2. kt kt

    “I want to cry, but as often happens in an attack my body can’t seem to find the resources… it’s as if it’s too busy surviving.”

    Truer words could not have been spoken. I’ve often expressed this sentiment to those closest to me; it’s nice to see that others get it- that you, even if a stranger, get it. I’m glad you highlighted that particular quote as it’s important to acknowledge. Being that it was your wedding day, there’s almost a sort of irony there…you’re struggling to process your emotions on a day that is recognized as one of the most emotional days of a person’s life. Reality, though, can’t paint a one size fits all picture of what this looks like for everyone. Everyone’s ‘fairy tale’ looks different. 🤷 Some may also say, “Hey isn’t your wedding day the one day you’re supposed to focus on your spouse and not yourself? My current boyfriend has told me, “I feel like I’m in it more than you are…” And my response was, “You’re right. I’m sick. You are in it more.” But it doesn’t mean I won’t try to be emotionally and physically available when I have the ‘resources’.

    • brandy brandy

      Hi! Sorry your comment slipped by me earlier this year! Yes, I completely get it. I’m so happy to hear from you guys and know I’m not alone in this weird POTS crazyland. Did you guys already have your wedding I wonder?!

      Actually we were really close to just doing a courthouse ceremony, something that was really easy to just reschedule and cancel. Family schedules and my dream of having a little bit more of a romantic small event sidetracked me. I ended up with beautiful photos and an event that felt more true to me and what I envisioned as a healthy person but it was frankly a very hard experience. I’m not sure given my new body that it much avoidable though. That trigger for intense emotions kicks in and I’m off on that wild ride. Then again.. xanax? I’ll never know. Wishing you the best!!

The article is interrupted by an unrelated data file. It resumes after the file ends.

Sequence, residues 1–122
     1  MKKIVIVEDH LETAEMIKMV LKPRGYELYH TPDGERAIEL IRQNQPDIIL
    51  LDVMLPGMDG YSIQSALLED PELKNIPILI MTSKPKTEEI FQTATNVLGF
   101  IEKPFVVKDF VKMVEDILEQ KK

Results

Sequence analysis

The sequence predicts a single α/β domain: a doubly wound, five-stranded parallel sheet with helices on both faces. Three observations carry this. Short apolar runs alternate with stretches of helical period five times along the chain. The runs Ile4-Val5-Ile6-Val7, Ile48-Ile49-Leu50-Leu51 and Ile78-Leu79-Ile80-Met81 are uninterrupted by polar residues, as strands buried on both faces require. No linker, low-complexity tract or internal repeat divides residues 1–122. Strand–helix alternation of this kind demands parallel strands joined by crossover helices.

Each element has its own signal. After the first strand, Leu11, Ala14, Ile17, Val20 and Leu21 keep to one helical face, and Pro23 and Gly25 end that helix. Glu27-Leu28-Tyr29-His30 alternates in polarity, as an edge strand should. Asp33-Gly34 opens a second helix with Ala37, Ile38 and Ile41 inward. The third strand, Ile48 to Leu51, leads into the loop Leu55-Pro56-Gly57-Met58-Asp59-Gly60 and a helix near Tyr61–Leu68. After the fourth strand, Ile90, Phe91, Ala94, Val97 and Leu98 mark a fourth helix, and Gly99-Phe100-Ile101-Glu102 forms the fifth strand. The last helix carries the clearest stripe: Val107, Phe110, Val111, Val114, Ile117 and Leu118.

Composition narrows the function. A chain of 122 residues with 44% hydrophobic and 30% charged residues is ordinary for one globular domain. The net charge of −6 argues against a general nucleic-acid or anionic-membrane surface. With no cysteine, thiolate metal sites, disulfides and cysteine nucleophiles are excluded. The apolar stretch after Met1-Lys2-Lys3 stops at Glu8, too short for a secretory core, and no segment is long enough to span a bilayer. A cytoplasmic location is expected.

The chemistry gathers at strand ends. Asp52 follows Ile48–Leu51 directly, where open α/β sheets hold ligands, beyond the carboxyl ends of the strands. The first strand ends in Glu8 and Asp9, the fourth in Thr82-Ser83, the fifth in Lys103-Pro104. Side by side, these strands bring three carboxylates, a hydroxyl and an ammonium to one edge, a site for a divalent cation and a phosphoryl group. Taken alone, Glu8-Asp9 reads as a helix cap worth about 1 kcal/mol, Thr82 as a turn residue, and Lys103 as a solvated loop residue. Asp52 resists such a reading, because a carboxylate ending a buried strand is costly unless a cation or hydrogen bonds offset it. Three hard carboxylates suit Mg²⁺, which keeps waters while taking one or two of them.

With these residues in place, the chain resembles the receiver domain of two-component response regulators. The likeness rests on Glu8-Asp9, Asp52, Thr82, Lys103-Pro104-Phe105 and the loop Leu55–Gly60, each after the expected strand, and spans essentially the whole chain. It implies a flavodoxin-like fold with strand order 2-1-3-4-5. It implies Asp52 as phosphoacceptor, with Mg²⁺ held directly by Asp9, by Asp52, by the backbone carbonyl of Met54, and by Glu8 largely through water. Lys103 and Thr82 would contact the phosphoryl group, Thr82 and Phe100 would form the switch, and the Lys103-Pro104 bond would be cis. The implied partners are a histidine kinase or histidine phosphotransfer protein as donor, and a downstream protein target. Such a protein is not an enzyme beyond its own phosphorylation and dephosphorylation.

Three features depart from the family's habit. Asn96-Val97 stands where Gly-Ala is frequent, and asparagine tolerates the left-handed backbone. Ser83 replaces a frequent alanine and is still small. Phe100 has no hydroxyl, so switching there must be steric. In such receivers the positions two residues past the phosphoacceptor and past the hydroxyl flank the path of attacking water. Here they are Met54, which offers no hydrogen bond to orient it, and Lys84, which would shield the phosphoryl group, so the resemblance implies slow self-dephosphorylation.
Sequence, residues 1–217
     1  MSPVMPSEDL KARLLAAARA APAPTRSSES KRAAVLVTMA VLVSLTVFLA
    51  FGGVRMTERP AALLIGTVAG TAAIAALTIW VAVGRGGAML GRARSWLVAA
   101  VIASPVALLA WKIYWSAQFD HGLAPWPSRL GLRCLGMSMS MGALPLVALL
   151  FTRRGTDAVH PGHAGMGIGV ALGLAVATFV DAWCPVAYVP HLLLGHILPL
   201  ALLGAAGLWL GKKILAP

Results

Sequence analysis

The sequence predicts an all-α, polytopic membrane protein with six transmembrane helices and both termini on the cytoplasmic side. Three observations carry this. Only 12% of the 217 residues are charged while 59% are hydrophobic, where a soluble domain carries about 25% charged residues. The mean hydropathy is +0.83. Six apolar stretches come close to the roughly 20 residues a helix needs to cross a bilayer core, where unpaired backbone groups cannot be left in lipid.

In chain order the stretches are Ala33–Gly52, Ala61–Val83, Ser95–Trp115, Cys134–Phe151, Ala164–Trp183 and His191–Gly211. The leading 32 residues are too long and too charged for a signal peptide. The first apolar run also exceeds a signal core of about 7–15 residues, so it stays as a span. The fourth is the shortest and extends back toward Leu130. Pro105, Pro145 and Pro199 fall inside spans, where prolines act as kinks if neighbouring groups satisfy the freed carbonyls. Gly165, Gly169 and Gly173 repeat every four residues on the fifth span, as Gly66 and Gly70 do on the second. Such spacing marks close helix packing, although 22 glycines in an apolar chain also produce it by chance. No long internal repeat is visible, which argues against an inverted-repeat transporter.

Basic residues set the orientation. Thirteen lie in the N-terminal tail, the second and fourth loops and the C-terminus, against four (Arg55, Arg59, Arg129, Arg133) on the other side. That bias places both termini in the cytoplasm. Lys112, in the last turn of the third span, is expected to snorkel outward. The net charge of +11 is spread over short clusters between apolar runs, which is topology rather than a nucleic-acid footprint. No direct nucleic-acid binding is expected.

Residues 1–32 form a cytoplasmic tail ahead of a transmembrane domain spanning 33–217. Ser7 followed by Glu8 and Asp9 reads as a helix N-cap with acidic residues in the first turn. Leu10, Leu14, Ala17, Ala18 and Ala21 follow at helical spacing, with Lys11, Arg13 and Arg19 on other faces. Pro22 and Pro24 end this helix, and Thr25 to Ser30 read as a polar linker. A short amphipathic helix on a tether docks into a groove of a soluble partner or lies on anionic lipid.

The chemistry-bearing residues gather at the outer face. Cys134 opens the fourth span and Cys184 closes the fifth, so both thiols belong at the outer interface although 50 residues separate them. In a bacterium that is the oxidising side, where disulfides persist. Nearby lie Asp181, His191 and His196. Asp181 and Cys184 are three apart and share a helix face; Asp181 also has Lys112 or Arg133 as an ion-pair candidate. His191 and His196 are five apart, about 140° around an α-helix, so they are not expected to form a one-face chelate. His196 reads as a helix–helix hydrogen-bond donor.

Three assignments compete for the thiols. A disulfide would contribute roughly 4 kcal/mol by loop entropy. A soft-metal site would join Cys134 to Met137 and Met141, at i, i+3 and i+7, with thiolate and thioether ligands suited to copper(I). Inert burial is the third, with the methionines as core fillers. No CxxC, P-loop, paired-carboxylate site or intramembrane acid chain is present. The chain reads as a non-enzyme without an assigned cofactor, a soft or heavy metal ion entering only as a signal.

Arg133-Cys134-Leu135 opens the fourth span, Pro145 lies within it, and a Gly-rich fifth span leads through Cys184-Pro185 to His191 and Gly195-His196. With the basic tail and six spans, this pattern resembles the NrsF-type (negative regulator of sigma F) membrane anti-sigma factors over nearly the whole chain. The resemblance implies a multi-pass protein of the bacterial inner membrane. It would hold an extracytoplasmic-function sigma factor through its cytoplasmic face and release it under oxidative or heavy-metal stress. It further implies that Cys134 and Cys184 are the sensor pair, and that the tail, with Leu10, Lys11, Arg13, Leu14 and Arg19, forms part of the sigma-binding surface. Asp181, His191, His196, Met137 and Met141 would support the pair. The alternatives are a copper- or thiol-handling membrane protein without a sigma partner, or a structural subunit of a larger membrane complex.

3. I came across your blog while searching for articles about cromolyn and saw this post. I have POTS and got married back in 2015 (in Encinitas – I’m in southern CA, too). My husband and I planned a simple wedding to account for my illnesses – only invited 24 people, the ceremony included a poetry reading so I could sit down for a minute while my sister read, and there was a break between the ceremony and reception. I woke up with a migraine that day, and while it eventually improved, it wasn’t the happiest day of my life. It’s unfortunate that what should be a fairytale day isn’t always so, but I think all of us with health challenges have to keep remembering that all that matters at the end of the day is we get to marry the person we love.

    Very glad I found your website. I look forward to reading more!

    • brandy brandy

      Hi Lindsay! How’s the cromolyn treating you? I actually remember coming across your blog a few years back! I didn’t know you were in the area… I have to follow you btw! Well, sounds like you had a nice low key event too, and I’m glad your migraine mercifully improved. I actually was dealing with one when you posted your comment and ended up at Scripps Green… POTS! Anyway, yeah, the wedding was such a mixed experience for me, and I did have to do some EMDR for it truth be told. There’s so little control we have with this illness, there’s a whole lot of just letting it go and seeing what happens. Surrender I guess? Ultimately I’m glad it happened, that I survived it, and that it’s overrrr. If weddings were this hard for everyone, I think the divorce rate would plummet. <3

      • Scripps Green! Their urgent care is my usual migraine go-to place. Or at least it used to be. I’m fortunately that I rarely get 4+ day migraines anymore. I hope yours has improved. Who do you see locally for your POTS?

        Cromolyn has been very helpful for me. I am fortunate that I only have mild MCAS, but have awful “seasonal” (with all seasons) allergies, and the cromolyn has helped with all of that. I have been lazy lately about taking cromolyn and need to start again.

        Thanks for responding to my comment 🙂

        • brandy brandy

          Hi! I see Dr Ahern for POTS, and Dr White for MCAS…. they seem to think my symptoms are mostly POTS at this point. My MCAS seems to be really mild too, and I’ve also been struggling to take all my cromolyn every day.. so many vials, not much time with an empty stomach. Would you like to chat by email!? Hope it’s been a decent week for you!

Leave a Reply

Your email address will not be published. Required fields are marked *